That the RCAF was still able to fly nine white, red and blue demonstration aircraft and two spares from the Snowbirds base at Moose Jaw, Sask., to Nova Scotia and back out west to the Fraser River Watershed this month was a credit to the work and ingenuity of maintainers who sometimes scavenge for parts at the RCAF’s dead aircraft park at Mountainview, near CFB Trenton, or make the parts themselves.
Now grounded in Kamloops pending the crash investigation, the Snowbirds face an uncertain future. This is not only because of their age. The federal budget deficit that has been quickly building up since the COVID-19 crisis began two months ago may lead to deep cuts in the military budget. Even in the best of times, Canada has spent nowhere near the two per cent of GDP on defence that it has promised NATO for years that it would do.
The Snowbirds are not the RCAF’s only flying museum pieces. Liberal and Conservative governments have repeatedly pushed back the procurement of all kinds of new aircraft. CH-124 Sea King helicopters were finally retired last year after 55 years of service. There are no plans at present to replace the persnickety, nearly 40-year-old CC-150 Polaris that usually flies prime ministers to global summits.
It is somewhat the same unhappy story with submarine-hunting CP-140 Aurora reconnaissance aircraft that have already been flying since the early 1980s. They are to be given a 20-year life extension. Meanwhile, most of Canada’s allies, including tiny New Zealand, have been retiring their turboprop surveillance aircraft and replacing them with new, more capable aircraft.
The biggest critical gap in the RCAF fleet is at the top end. Almost all of Canada’s closest friends are buying or already operating stealthy fifth-generation F-35 fighters. After many years of delays, the Trudeau government announced last year that while it continues to ponder what type of new fighter jet to acquire, it intends to keep the almost 40-year-old CF-18s flying until at least 2032.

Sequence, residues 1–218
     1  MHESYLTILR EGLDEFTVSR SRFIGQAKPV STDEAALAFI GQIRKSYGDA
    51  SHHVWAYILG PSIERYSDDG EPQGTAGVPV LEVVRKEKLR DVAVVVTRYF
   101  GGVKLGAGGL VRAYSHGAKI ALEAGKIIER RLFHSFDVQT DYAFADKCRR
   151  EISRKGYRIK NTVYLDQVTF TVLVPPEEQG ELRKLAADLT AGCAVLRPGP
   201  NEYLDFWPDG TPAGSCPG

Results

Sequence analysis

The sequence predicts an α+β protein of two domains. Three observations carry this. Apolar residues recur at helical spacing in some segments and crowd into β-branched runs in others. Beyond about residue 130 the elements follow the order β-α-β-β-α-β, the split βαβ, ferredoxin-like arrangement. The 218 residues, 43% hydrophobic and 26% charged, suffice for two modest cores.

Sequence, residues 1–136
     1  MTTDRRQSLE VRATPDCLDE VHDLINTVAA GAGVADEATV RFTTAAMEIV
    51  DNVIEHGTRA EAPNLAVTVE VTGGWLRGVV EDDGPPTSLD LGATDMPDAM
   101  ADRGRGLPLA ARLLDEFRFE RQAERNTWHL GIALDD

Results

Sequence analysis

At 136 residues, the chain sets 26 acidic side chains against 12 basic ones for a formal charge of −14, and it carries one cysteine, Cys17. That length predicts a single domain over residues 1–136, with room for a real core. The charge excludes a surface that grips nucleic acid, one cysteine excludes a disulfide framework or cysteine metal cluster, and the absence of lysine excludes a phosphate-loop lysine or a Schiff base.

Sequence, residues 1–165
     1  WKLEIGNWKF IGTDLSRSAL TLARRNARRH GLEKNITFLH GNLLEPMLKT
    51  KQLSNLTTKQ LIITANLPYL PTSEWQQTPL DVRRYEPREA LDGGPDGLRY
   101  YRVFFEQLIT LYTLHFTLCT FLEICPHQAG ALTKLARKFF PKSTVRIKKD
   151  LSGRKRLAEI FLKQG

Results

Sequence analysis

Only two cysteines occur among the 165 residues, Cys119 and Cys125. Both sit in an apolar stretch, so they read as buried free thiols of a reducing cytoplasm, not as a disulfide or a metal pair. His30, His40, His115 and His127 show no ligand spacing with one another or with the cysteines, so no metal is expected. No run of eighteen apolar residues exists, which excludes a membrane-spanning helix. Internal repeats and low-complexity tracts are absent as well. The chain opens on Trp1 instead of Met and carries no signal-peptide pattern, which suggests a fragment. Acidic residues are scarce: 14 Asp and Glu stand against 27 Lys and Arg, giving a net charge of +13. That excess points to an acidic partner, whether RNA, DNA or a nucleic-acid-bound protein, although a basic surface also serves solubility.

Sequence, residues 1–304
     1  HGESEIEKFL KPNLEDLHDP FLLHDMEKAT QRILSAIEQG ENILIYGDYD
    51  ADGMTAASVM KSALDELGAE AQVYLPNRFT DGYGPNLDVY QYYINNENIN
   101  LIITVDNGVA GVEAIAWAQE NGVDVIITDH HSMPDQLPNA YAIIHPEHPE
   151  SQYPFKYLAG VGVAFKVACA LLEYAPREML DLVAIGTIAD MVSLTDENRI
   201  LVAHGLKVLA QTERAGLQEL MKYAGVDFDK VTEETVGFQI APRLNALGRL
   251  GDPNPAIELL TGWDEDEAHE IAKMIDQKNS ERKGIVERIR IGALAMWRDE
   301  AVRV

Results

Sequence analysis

History of incidents involving Canadian Forces Snowbirds
Replacing the CF-18s, which defend Canada and U.S. air space from Russian bombers and missile threats from Russia, China and North Korea, has been a notorious procurement fiasco that began 22 years ago during Jean Chretien’s tenure as prime minister.
Like much of the RCAF, the Snowbirds have been hobbled by a lack of human resources. The air force does not have nearly enough pilots to fly most of the aircraft in its fleet. Ironically, that serious problem may be solved by COVID-19 as many pilots who left the military to fly commercial jetliners have lost their jobs and may now seek to re-enlist.
But replenishing the severely depleted pilot pool would be a band-aid. The grimmest problem the RCAF faces is that several generations of political leaders have never given it the new aircraft that it badly needs. That includes the 57-year-old Snowbird that fell from the sky on Sunday in Kamloops.
Matthew Fisher is an international affairs columnist and foreign correspondent who has worked abroad for 35 years. You can follow him on Twitter at @mfisheroverseas.